Got an Hour? Organize a Closet!

Client's Bathroom Closet-Before

Client’s Bathroom Closet-Before

 

 

 

 

 

 

 

 

 

 

Client's Bathroom Closet-After

Client’s Bathroom Closet-After

 

 

 

 

 

 

 

 

 

 

This, the third week of March, is National Organize Your Closets Week. Now that you know this fun fact, I hope to motivate you to participate!

Most people have clutter — just too much stuff. They go to the store and buy a bunch of containers. They get home and toss things in them only to discover the things don’t fit. Then they wonder why the containers don’t work and quit in frustration. Containers don’t create organization.

Getting organized is a process that I make easy and fun for my clients. Really! Here’s how to do it yourself.

Let’s begin with a small project like a bathroom closet, under-sink cabinet or medicine cabinet. First label four bins Elsewhere (for anything that doesn’t belong in the bathroom), Donate, Recycle and Keep, and a trash can.

De-cluttering is NOT the same as organizing, just the beginning of the process. The first step is a general de-clutter and sort. Pick a spot to start, pick up every item, in order, and put it in one of the bins or trash can. Continue until that space is empty.

After eliminating the clutter, that’s when you organize what’s left. From the Keep bin, group similar items. Place them where they should go (e.g., which shelf, in front or back, near what other things).

Only after you have grouped items should you buy containers that are the right size and shape to fit what is being contained. Let’s say you want to keep your most commonly used cleaning products together in the under-sink cabinet. Gather them together, measure how much space they take (height, length and width) and include a little extra space to add a product or two. Do you want a round, square or rectangular shape? Handle or no handle? Take a moment to plan in advance so you get the right container. Clear containers make it easy to see what’s in them. If using solid containers, label them.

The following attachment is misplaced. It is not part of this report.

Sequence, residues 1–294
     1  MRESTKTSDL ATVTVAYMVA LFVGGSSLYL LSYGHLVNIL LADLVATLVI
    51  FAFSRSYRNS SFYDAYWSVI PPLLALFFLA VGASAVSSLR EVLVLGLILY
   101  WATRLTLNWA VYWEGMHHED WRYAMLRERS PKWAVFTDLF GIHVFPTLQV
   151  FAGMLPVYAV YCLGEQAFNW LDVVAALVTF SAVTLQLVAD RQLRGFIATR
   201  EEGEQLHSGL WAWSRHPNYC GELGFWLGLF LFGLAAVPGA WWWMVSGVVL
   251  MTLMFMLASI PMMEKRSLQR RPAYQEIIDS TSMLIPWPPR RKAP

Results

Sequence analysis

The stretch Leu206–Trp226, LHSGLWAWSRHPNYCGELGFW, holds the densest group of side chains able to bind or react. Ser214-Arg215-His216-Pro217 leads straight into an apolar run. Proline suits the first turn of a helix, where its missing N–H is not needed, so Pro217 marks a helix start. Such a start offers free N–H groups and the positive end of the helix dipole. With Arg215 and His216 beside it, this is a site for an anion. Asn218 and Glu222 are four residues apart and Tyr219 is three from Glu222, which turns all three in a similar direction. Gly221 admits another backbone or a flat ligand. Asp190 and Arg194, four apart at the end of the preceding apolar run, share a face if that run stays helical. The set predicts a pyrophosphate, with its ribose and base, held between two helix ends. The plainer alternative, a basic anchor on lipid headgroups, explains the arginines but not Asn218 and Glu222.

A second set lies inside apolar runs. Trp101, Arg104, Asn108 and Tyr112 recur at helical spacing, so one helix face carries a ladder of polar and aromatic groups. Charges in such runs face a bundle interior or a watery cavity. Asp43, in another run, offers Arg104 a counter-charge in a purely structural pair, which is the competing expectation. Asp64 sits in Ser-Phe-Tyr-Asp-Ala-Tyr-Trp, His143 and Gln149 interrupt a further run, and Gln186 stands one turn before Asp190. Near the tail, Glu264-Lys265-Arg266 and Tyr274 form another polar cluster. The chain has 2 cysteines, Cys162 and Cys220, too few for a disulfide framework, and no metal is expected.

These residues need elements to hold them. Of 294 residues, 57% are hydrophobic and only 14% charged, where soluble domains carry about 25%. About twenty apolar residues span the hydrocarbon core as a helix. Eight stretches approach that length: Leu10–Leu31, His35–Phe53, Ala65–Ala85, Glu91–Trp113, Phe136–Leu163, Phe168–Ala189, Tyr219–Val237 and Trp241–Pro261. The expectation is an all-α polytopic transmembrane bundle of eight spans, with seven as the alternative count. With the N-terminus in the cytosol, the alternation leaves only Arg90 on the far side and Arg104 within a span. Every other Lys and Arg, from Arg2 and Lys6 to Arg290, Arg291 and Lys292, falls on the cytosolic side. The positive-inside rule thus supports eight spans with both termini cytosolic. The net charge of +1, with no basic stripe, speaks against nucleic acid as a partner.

Getting organized is about having homes for everything, having simple systems that work for you, creating new habits and maintaining the results. The benefits? Saving time and feeling less stress by knowing you can find what you need when you need it, saving money by no longer buying duplicates or triplicates of things you couldn’t find or forgot you own, and knowing in advance that you’re running low on things so you can buy them when it’s convenient instead of racing to the store at the last minute.

Being organized makes life simpler. In our frenetic world, maybe that’s the best benefit!